Ping of Death

Posted On 2008-02-18 by FortyPoundHead
Tags: Glossary Security 
Views: 1658

In late 1996 and early 1997, a flaw in the implementation of networking in some operating systems became well-known and popularized by hackers as a way to crash computers remotely over the Internet. The Ping of Death attack was relatively easy to carry out and very dangerous due to its high probability of success.

Technically speaking, the Ping of Death attack involved sending IP packets of a size greater than 65,535 bytes to the target computer. IP packets of this size are illegal, but applications can be built that are capable of creating them. Carefully programmed operating systems could detect and safely handle illegal IP packets, but some failed to do this. ICMP ping utilities often included large-packet capability and became the namesake of the problem, although UDP and other IP-based protocols also could transport Ping of Death.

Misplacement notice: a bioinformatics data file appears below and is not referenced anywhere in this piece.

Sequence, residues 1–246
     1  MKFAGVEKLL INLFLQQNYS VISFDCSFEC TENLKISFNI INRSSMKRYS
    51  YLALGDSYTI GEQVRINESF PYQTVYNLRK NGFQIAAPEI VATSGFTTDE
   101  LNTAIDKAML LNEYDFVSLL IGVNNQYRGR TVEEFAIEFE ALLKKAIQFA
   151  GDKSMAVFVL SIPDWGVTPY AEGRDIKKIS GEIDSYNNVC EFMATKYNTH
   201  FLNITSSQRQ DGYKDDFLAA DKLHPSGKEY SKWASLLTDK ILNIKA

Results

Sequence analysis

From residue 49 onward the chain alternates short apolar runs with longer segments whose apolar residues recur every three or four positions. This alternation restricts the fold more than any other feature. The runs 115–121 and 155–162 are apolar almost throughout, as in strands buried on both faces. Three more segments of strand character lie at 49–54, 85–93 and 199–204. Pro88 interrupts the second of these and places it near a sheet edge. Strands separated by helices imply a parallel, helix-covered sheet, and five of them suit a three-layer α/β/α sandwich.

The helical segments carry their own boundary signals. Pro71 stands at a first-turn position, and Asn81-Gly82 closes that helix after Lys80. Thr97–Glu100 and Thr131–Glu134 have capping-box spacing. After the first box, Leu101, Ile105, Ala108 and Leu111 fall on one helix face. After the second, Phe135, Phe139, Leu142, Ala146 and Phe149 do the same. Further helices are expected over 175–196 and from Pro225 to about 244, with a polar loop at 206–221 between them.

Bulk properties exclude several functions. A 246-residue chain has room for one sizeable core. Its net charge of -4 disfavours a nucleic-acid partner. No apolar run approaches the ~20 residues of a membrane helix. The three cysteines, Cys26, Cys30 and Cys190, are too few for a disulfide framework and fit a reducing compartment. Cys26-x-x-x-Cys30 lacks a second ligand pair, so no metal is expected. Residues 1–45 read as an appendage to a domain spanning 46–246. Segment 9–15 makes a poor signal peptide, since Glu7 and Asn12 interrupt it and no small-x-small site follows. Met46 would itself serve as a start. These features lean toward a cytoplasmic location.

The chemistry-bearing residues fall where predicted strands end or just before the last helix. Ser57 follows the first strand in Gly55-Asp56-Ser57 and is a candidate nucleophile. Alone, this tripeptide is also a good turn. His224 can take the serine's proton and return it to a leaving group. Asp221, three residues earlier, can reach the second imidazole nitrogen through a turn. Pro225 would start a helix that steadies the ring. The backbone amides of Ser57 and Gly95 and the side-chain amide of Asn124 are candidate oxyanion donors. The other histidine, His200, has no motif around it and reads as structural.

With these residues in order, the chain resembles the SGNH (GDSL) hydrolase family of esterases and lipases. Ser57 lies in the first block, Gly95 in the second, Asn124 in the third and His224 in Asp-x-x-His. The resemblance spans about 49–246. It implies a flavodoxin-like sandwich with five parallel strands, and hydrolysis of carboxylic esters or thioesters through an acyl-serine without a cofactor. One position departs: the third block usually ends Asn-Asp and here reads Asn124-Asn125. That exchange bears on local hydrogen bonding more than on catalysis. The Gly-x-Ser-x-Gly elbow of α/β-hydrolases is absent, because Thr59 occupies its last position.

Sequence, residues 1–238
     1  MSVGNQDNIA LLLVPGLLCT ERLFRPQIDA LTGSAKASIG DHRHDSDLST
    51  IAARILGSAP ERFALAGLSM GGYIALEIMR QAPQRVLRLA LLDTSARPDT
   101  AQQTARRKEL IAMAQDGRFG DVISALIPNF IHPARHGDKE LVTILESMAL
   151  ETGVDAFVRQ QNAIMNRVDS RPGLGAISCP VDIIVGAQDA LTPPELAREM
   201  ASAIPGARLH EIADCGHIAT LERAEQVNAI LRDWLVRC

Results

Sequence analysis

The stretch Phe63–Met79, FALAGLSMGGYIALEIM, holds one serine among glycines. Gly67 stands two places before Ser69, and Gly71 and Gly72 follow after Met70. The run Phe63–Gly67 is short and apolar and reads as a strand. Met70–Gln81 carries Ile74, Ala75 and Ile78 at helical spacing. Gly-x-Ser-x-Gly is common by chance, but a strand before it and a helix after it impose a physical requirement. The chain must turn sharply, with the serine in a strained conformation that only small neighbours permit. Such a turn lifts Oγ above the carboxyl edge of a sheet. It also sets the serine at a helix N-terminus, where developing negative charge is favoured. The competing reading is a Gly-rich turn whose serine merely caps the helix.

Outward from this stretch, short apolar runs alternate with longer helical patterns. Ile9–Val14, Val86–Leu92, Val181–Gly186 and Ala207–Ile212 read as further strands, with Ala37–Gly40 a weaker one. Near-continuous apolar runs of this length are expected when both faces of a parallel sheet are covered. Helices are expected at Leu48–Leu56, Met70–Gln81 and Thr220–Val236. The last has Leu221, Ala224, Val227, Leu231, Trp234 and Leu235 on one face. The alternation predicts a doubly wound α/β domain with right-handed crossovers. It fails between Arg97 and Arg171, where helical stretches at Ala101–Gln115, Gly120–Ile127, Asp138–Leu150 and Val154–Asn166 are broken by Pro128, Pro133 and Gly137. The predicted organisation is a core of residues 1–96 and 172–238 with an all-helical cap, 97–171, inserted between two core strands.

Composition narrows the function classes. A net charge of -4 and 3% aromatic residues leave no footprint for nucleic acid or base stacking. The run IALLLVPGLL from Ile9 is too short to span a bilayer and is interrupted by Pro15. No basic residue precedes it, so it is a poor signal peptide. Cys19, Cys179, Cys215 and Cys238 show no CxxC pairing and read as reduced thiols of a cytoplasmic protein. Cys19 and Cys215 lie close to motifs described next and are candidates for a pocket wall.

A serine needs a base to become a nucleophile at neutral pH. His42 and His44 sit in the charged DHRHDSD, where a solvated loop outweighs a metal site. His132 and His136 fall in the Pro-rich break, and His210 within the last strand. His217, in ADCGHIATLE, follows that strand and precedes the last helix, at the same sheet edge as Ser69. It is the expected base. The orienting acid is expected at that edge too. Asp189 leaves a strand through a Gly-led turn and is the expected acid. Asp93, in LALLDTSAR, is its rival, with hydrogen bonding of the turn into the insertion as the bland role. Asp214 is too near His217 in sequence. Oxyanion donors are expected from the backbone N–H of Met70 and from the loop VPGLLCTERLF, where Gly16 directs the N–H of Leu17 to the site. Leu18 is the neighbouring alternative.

Operating system vendors quickly devised patches to avoid the Ping of Death. Still, many Web sites today block ICMP ping messages at their firewalls to avoid similar denial of service attacks.

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